D.C. Code § 43-906 (1990 Repl.). By this provision, Congress vested sole ratemaking authority in the expertise of the Public Service Commission. See Potomac Elec. Power Co. v. Public Serv. Comm'n, 457 A.2d 776, 782 (D.C. 1983); Potomac Elec. Power Co. v. Public Serv. Comm'n, 402 A.2d 14, 17 (D.C.), cert. denied, 444 U.S. 926 (1979). Accordingly:

The Commission, not this court, has the sole responsibility for balancing consumer and investor interests in designing rate structures and approving specific charges . . . . While we must ascertain that, in striking a balance between the competing consumer and investor interests, the Commission has given reasoned consideration to each of the pertinent factors, . . . . we must not substitute our judgment for that of the Commission.

Potomac Elec. Power Co., 457 A.2d at 782. (citations and internal quotations omitted). We have said, therefore, that "the scope of our review of PSC decisions 'is the narrowest judicial review in the field of administrative law."' Office of People's Counsel v. Public Serv. Comm'n, 610 A.2d 240, 243 (D.C. 1992) (quoting Office of People's Counsel v. Public Serv. Comm'n, 571 A.2d 206, 208-09 (D.C. 1990) (quoting Office of People's Counsel v. Public Serv. Comm'n, 482 A.2d at 407 (quoting Potomac Elec. Power Co. v. Public Serv. Comm'n, 402 A.2d at 17); accord Washington Gas Light Co. v. Public Serv. Comm'n, 450 A.2d 1187, 1193 (D.C. 1982).

In light of the Commission's expertise, its rate orders are presumptively valid, and "the petitioner challenging an order carries the heavy burden of demonstrating clearly and convincingly a fatal flaw in the action taken." *fn4 Potomac Elec. Power Co., 457 A.2d at 783 (citing Federal Power Comm'n v. Hope Natural Gas Co. 320 U.S. 591, 602, 88 L. Ed. 333, 64 S. Ct. 281 (1944)). In order to ensure that judicial review can be meaningful, however, we have imposed a separate and independent burden on the Commission to explain its actions fully and clearly. See Washington Pub. Interest Org. v. Public Serv. Comm'n, 393 A.2d 71, 75 (D.C. 1978), cert. denied, 444 U.S. 926 (1979) ("the court, when presented with a non-frivolous petition for review, has a responsibility to hold the Commission accountable - through as many remands as necessary - for satisfying a burden all its own: to explain its actions fully and clearly. A utility rate cannot be deemed 'reasonable' simply because an expert agency says it is.").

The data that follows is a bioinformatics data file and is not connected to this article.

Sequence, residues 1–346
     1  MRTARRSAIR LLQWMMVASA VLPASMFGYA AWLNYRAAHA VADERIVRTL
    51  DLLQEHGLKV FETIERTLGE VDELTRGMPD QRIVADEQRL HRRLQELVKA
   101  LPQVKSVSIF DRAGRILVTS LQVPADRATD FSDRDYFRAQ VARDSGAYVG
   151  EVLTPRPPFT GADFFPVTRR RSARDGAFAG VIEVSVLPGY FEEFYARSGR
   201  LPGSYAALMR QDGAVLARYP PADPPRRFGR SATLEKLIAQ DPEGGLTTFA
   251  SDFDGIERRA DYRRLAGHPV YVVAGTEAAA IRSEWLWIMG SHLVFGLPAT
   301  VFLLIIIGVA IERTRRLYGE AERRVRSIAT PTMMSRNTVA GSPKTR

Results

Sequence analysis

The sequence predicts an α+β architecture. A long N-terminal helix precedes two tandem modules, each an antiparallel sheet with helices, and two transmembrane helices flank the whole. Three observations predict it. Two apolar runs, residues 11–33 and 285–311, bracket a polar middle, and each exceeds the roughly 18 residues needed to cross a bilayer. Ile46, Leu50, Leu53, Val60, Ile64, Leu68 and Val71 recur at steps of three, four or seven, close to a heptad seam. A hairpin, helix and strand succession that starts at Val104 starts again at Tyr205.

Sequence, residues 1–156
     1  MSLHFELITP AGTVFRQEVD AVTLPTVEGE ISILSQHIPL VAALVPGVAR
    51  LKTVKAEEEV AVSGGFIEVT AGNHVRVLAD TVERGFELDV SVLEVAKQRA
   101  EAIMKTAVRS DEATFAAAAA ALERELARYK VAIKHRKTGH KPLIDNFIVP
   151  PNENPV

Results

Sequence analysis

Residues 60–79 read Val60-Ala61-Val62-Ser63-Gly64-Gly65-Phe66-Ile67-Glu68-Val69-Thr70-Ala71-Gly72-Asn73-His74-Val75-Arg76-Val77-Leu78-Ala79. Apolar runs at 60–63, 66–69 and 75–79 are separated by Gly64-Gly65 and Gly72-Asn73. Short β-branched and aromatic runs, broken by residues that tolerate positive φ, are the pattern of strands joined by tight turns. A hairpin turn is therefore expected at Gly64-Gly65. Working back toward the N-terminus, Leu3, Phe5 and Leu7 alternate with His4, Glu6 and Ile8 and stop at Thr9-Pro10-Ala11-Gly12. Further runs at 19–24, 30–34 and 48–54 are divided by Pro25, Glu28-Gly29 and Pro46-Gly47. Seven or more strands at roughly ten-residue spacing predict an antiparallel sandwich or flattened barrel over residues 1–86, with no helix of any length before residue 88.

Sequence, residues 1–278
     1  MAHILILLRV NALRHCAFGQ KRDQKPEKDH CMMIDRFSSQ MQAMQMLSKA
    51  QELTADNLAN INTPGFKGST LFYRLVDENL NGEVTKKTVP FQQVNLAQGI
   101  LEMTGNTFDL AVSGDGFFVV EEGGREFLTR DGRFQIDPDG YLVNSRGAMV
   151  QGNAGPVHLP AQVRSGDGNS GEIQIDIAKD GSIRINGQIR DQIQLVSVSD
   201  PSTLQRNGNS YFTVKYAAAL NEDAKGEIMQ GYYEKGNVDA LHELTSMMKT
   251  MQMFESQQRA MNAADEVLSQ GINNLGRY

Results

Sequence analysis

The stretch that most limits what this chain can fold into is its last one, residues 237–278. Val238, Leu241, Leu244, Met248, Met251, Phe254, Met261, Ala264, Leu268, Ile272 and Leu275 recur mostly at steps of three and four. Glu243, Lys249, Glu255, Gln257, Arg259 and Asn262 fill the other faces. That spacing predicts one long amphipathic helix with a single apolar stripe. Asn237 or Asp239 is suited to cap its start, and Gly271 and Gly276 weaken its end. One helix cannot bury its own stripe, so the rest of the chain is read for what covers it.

A full and clear explanation of a ratemaking decision must include the following components. First, the Commission must announce the criteria governing the rate determination, and, second, it must explain "how the particular rate order reflects application of these criteria to the facts of the case. Id.; Potomac Elec. Power Co., 457 A.2d at 783. As to application of ratemaking criteria, the Supreme Court has held that, "unless the overall effect of a rate is 'unjust and unreasonable,' the Commission's order should be approved, irrespective of 'infirmities' in the methodology used to calculate it." Federal Power Comm'n v. Hope Natural Gas Co., 320 U.S. 591, 602, 88 L. Ed. 333, 64 S. Ct. 281 (1944), cited in Washington Pub. Interest Org., 393 A.2d at 75. While the reasonableness of the "overall effect" of the rate order remains the primary consideration, however, the Commission nonetheless has an obligation to disclose the methodology by which that decision was reached, for the actual methodology used may have a bearing on the court's overall judgment as to the reasonableness of the order:

Absent precise explanation of methodology as applied to the facts of the case, there is no way for a court to tell whether the Commission, however expert, has been arbitrary or unreasonable.

Washington Pub. Interest Org., 393 A.2d at 77.

Finally, the Commission must demonstrate that its rate order is "in accordance with the reliable, probative, and substantial evidence." D.C. Code § 1-1509 (e) (1992 Repl.). We have said that this substantial evidence test is satisfied if there is "a demonstration in the findings of a 'rational connection between facts found and the choice made."' Washington Pub. Interest Org., 393 A.2d at 77 (citing Brewington v. District of Columbia Bd. of Appeals and Review, 299 A.2d 145, 147 (D.C. 1973)) (emphasis in original).

With these principles in mind, we turn to the Commission's orders and PEPCO's ...